What does a custodian do for alternative investment managers?

Legacy mutual fund managers are likely accustomed to hearing about custody requirements driven by regulation, but what does a custodian do for alternative asset managers who are not experienced in hiring a qualified custodian? Amy Small, who heads up UMB Institutional Custody, discusses.
By Amy Small

The primary duty of a third-party custodian is loss prevention by safeguarding assets. All registered funds, even those with alternative strategies, are required by law to use a custodian, who ‘sit between’ the investment manager and the assets themselves, for everyone’s protection.

Many unregistered alternative funds—such as hedge funds and limited partnerships—also use a custodian, often at the request of one or more large investors who want the strong controls provided by third-party oversight such as compliance with anti-money laundering (AML) requirements. Or, because the ancillary services provided by a custodian support efficiency in their cash management and investor onboarding efforts.

The word “custodian” can be a bit confusing, especially in the context of alternative asset classes. The role I’m addressing here is different from the services a manager’s prime broker may provide. Private fund custody, in this case, refers to third-party oversight and processing services sometimes known as “bank custody” or “institutional custody.”

That said, like prime brokers, private fund custodians can provide a suite of services that complement the primary function. For prime brokers, sales and trading is the primary function, complemented by ancillary services such as financing.

For institutional custodians, risk reduction is the primary function, complemented by services such as servicing and settling trades, managing overnight cash, providing real-time reporting on cash availability, enabling straight-through processing on cash movements, tax reporting, managing proxy and corporate actions, handling FX needs, segregating collateral, and registering and opening foreign accounts.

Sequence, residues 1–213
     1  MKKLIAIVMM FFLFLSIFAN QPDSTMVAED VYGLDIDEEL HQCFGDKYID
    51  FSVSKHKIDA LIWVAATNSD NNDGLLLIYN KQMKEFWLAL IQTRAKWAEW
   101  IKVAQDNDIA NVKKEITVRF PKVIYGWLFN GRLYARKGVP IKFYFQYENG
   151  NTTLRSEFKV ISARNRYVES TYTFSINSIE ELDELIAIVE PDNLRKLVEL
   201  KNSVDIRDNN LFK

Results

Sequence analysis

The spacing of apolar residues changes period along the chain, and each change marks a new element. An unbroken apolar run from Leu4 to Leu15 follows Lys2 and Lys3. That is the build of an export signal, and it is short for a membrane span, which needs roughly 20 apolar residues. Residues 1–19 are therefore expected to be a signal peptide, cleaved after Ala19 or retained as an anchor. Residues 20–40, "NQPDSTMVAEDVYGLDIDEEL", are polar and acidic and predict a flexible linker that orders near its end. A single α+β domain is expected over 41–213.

Not surprisingly, these private fund custody services relate to either or both securities themselves or the cash transacted for them. That intersection of securities and cash is precisely a custodian’s domain—and where it applies rigorous controls to avoid mistakes and fraud.

Investor-related services

Private fund custody services can extend even further to areas relating closely to the investor base of an alternative fund. These investor-related services can end up making a huge difference in managers’ operational efficiency. One such area is online reporting, via an investor portal that allows investors self-service access to account information.

Another investor-related area—one which we’ve seen significant interest—is help completing alternative investment subscription documents on a manager’s behalf. This can include completing the core offering documents as well as AML and KYC requirements for each investor.


Financing arrangements and more

Although prime brokers are more associated with financing than custodians, managers should know the role private fund custodians can play in supporting their financing strategy. At UMB, for example, we work strategically with both our customers and their existing lenders to create tri-party collateral agreements.

Bank custodians like UMB may also be able to support alternative managers even further throughout the investment lifecycle with traditional banking and escrow services, investor servicing and fund administration.

Ultimately, our work as custodian is to keep all parties secure and provide the client service that helps managers run their businesses as efficiently as possible.